It was a dark and stormy night
when I found myself in the village of Boxes, just south of Boulder, Colorado.
I had stopped there, intending to stay only a little while. It didn’t work out that way.
The village was populated by ghastly, inhuman residents with the power to trap and hold me for days on end.
What I saw at first as I slowly surveyed my surroundings was Boring. No design committee had been at work here. Every structure had the same dull brown siding. The only variances—size and signage.
From small to large, each boasted a hand-lettered sign on the front, identifying the wares to be found inside. A tall garment house. A small store of cosmetics/personal items. Even one named Memories. Office Supplies. Food. Seasonal clothing. Kitchen appliances. Pantry items. Everything a person would need.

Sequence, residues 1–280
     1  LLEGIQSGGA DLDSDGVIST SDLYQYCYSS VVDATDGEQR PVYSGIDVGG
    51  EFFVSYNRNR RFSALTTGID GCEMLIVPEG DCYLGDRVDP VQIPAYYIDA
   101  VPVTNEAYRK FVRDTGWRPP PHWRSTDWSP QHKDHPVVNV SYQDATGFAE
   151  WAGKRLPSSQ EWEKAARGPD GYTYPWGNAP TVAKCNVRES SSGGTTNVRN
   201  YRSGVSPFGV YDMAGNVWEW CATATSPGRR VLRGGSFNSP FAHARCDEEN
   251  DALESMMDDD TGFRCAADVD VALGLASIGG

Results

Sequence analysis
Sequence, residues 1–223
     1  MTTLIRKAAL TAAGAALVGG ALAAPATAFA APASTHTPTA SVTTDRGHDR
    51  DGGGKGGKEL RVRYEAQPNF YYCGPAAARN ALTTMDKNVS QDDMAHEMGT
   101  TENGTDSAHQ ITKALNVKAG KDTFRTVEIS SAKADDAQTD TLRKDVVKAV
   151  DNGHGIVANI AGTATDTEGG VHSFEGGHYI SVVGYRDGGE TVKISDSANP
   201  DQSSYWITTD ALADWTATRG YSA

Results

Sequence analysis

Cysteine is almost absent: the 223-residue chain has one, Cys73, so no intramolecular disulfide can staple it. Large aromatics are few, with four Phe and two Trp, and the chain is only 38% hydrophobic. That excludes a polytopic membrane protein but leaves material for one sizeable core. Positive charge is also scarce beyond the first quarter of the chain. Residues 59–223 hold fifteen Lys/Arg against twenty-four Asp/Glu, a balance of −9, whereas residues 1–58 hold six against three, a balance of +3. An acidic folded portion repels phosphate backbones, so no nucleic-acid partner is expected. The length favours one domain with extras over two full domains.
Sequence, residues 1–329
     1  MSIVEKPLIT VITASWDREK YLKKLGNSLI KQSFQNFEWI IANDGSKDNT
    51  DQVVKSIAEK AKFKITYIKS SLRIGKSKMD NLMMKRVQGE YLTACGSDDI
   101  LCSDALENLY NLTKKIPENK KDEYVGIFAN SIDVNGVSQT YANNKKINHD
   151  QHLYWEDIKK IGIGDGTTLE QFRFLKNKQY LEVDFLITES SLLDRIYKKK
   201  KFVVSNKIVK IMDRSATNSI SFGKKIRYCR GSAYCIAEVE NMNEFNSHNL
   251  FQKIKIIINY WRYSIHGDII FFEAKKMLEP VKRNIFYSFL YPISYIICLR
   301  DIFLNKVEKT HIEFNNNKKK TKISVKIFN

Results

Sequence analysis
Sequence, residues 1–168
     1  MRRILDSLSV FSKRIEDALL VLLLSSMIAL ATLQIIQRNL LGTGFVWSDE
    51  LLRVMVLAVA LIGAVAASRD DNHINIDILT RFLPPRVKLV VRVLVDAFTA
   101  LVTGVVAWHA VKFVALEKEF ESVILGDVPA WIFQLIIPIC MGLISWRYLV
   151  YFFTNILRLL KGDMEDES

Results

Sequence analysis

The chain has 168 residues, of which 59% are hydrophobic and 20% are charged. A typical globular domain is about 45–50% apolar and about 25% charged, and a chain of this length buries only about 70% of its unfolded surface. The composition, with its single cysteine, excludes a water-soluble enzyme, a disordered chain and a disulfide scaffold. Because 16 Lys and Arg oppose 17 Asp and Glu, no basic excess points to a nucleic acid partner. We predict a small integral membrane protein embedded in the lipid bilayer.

The seemingly endless array quickly became overwhelming. Yet I felt myself forced into spending more time there. One day followed another in hours of dark monotony. I wanted to be done with it.
Finally, the clouds lifted and I saw before me a sign pointing to a now-open highway.
I didn’t look back as I left. I had learned the hard-truth bottom line:
It takes a village to move a person in a New Direction.